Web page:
Coral reefs are some of the most diverse ecosystems in the world, and also some of the noisiest.
Up close, a healthy reef teems with trills, whoops, buzzes, hums and snaps made by the diverse lifeforms that inhabit it.
This programme is available NOW on Demand at the Discovery Page and is available now until Tuesday 23rd November. It will also broadcast on Sunday 21st of November in Phuket at 8:30 AM on 91.5 FM and 102.5 FM and Online via the Internet radio portals.
But as many reefs are now degrading due to rising temperatures, their sound signatures are changing.
Conservationist Rory Crawford meets marine scientists who believe these sounds could provide a new way of monitoring the health of coral reefs, and boosting their resilience.
He listens to soundscapes that have been recorded around reefs in diverse parts of the world and hears a selection of the sometimes surprising noises that have been picked up by researchers’ hydrophones.
Sounds are crucial to underwater species and a healthy-sounding reef will attract fish and other organisms to settle on it, so is it possible to use acoustics to boost the ecosystem on damaged coral?
Underwater recordings courtesy of Tim Lamont/University of Exeter, Ben Gottesman, The Centre for Global Soundscapes, and Discovery of Sound in the Sea
This week’s Discovery was produced by Anne McNaught the editor was Deborah Cohen
Picture: The underwater world of Philippines, Southeast Asia, Pacific Ocean, Credit: Giordano Cipriani/Getty Images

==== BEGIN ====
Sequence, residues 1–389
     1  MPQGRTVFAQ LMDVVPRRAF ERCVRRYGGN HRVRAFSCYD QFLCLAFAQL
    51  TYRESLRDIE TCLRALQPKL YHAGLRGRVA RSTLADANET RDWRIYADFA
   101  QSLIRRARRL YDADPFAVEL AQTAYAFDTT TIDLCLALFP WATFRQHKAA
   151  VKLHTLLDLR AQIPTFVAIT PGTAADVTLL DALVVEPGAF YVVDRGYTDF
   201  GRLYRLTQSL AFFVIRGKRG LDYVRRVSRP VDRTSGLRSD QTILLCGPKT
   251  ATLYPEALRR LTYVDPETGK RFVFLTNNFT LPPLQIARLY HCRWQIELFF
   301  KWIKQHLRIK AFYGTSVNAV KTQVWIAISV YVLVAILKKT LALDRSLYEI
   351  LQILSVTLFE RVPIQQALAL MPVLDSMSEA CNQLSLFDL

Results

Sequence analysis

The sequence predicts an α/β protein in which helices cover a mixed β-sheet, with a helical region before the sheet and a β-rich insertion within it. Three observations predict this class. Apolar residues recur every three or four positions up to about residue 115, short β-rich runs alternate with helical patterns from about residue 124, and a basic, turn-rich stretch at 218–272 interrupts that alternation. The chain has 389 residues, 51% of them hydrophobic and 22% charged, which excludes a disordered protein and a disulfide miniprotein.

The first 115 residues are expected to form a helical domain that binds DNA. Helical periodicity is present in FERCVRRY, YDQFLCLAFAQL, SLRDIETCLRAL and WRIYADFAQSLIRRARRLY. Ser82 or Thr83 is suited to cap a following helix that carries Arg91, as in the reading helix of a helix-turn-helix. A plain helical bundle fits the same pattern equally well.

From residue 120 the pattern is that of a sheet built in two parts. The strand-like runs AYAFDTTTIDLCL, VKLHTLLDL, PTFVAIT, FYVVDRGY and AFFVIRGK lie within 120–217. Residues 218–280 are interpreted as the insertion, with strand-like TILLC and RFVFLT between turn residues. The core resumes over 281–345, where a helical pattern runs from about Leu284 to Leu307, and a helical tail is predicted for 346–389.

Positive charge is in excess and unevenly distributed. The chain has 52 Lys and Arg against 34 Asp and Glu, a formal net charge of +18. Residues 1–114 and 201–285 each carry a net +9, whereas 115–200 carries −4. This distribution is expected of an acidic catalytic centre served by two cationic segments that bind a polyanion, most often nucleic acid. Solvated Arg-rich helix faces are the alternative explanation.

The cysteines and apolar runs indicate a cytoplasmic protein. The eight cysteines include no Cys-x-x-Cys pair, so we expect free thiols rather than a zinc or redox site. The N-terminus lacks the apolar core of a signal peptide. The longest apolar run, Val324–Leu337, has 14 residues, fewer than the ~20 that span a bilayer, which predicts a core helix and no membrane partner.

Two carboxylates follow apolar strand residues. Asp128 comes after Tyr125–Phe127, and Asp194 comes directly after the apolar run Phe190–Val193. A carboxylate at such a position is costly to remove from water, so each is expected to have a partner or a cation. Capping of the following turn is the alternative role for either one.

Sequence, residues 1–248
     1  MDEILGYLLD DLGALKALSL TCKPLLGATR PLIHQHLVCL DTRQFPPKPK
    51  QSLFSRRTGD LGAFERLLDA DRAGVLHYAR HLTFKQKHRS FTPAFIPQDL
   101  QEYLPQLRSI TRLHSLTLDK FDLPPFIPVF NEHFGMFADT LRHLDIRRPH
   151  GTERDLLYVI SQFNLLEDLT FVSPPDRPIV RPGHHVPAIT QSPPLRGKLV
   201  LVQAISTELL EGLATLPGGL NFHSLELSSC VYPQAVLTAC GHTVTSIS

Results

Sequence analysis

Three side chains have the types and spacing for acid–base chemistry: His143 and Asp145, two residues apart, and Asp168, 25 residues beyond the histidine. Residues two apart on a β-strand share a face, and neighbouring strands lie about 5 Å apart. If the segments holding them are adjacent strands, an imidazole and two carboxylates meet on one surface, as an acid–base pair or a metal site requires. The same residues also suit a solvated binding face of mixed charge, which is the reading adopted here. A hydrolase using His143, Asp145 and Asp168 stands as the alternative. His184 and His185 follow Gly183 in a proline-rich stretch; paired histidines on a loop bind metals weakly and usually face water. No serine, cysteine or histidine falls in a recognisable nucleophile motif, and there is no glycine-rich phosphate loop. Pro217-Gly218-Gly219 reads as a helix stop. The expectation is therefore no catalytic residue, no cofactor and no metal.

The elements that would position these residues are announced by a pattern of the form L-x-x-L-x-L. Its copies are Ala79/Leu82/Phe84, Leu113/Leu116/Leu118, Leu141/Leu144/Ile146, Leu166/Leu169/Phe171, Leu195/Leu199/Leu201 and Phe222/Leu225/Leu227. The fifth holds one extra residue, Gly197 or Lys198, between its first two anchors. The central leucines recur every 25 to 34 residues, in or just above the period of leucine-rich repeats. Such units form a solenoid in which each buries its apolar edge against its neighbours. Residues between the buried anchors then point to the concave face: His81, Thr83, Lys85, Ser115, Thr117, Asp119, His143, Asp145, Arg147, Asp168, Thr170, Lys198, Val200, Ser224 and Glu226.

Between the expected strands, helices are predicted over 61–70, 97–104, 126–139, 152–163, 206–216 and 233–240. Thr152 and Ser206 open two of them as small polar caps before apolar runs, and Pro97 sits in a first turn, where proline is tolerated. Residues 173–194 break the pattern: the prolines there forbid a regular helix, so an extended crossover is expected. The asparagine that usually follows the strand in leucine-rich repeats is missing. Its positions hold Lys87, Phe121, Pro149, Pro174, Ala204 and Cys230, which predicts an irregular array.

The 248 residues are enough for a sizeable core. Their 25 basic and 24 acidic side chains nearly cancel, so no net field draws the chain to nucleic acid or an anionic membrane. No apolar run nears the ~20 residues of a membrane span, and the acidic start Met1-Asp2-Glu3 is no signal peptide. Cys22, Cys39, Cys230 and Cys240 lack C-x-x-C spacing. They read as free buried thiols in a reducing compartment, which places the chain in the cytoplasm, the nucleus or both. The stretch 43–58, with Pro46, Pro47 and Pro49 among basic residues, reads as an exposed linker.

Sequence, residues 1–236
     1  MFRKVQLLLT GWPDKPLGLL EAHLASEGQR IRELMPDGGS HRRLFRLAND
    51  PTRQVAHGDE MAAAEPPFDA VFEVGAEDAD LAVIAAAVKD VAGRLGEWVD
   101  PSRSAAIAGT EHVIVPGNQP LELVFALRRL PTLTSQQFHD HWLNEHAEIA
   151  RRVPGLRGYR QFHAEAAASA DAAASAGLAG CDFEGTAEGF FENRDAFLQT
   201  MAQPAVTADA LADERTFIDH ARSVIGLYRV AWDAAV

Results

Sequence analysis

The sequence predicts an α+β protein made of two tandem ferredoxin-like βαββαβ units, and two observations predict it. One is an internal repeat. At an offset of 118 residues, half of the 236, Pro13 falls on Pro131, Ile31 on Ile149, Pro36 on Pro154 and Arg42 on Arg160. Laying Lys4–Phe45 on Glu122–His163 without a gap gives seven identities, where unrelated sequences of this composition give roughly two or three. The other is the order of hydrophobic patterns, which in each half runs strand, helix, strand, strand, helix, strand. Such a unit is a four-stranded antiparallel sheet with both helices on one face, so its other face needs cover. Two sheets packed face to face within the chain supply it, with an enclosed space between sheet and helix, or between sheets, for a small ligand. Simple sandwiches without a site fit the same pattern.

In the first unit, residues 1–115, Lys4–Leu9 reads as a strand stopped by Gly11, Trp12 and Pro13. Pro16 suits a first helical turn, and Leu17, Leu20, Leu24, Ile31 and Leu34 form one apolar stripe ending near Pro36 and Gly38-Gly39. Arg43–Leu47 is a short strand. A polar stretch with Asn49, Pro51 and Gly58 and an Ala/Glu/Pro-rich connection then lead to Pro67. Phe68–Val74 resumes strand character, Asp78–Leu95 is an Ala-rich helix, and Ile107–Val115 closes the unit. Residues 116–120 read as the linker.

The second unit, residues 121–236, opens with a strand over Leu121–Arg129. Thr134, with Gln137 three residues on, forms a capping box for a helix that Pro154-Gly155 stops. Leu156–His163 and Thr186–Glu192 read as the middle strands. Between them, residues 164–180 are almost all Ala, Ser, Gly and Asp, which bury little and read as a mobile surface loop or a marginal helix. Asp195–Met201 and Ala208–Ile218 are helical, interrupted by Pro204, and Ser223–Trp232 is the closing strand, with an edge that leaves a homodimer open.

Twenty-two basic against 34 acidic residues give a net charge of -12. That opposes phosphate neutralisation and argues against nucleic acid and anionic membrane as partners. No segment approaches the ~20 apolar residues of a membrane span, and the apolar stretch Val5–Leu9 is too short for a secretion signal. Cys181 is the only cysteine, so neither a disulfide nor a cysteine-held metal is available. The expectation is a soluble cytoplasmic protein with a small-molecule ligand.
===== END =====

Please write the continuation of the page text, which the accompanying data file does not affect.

Previously on BBC Discovery.
Dreams and Nightmares on Discovery as biologist Matthew Cobb presents the first episode in a series that looks at the 50-year history of genetic engineering, from the concerns around the first attempts at combining the DNA of one organism with the genes of another in 1971 to today’s gene-editing technique known as CRISPR.
Geoengineering is already underway from Australia to the Arctic as scientists try to save places threatened by global heating.
Climate scientist, Tamsin Edwards tackles uncertainty inherent in all climate change predictions to try and understand which of many possible storylines about the future of our planet are most likely to come true.
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Coral Bleaching the Great Barrier Reef.
The Great Barrier Reef which is made up of around 2,900 individual reefs along with 900 islands having a length over 1,600 miles (2,600 kilometres) has an area of almost 133,000 square miles (344,400 square kilometres).
The figures explain the reason why it is the largest reef in the world.
The reef is situated in the Coral Sea, near Queensland in northeast Australia and the only place on the whole earth which can be detected from outer space.
Can Coal power survive?
Surprisingly India seems to be on track to switch away from coal to renewables.
We are asking what about other countries, is it death to coal for the sake of our future?